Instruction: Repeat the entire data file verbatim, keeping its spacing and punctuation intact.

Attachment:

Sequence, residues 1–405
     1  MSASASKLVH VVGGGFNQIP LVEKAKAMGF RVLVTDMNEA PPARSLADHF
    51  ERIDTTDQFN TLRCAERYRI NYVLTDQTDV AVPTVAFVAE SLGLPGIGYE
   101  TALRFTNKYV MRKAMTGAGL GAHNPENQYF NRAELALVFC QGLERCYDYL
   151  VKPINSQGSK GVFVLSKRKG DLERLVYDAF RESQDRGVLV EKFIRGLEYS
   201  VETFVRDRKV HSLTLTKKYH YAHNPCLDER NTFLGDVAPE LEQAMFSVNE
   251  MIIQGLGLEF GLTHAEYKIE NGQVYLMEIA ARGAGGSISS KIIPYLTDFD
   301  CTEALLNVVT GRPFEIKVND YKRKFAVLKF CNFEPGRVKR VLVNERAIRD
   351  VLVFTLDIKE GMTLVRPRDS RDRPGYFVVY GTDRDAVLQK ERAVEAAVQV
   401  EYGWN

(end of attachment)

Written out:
Sequence, residues 1–405
     1  MSASASKLVH VVGGGFNQIP LVEKAKAMGF RVLVTDMNEA PPARSLADHF
    51  ERIDTTDQFN TLRCAERYRI NYVLTDQTDV AVPTVAFVAE SLGLPGIGYE
   101  TALRFTNKYV MRKAMTGAGL GAHNPENQYF NRAELALVFC QGLERCYDYL
   151  VKPINSQGSK GVFVLSKRKG DLERLVYDAF RESQDRGVLV EKFIRGLEYS
   201  VETFVRDRKV HSLTLTKKYH YAHNPCLDER NTFLGDVAPE LEQAMFSVNE
   251  MIIQGLGLEF GLTHAEYKIE NGQVYLMEIA ARGAGGSISS KIIPYLTDFD
   301  CTEALLNVVT GRPFEIKVND YKRKFAVLKF CNFEPGRVKR VLVNERAIRD
   351  VLVFTLDIKE GMTLVRPRDS RDRPGYFVVY GTDRDAVLQK ERAVEAAVQV
   401  EYGWN